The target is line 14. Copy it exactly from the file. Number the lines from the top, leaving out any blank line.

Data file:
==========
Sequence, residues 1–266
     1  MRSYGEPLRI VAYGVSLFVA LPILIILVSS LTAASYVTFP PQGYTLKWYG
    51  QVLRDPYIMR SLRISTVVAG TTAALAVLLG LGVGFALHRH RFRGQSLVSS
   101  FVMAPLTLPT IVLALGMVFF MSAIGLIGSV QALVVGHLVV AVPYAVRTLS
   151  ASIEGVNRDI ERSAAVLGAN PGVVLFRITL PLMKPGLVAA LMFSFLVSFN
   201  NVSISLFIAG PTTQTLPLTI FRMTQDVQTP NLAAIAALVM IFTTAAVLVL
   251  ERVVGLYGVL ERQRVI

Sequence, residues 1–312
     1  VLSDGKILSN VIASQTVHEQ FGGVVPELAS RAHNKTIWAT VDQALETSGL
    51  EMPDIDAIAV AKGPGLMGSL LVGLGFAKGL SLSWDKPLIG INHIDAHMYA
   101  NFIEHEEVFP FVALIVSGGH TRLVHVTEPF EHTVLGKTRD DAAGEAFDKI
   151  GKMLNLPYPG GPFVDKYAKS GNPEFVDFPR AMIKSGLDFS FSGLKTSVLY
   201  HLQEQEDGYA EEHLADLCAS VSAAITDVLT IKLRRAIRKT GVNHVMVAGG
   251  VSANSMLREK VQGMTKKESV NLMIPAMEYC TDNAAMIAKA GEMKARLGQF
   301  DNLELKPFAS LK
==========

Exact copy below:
   251  VSANSMLREK VQGMTKKESV NLMIPAMEYC TDNAAMIAKA GEMKARLGQF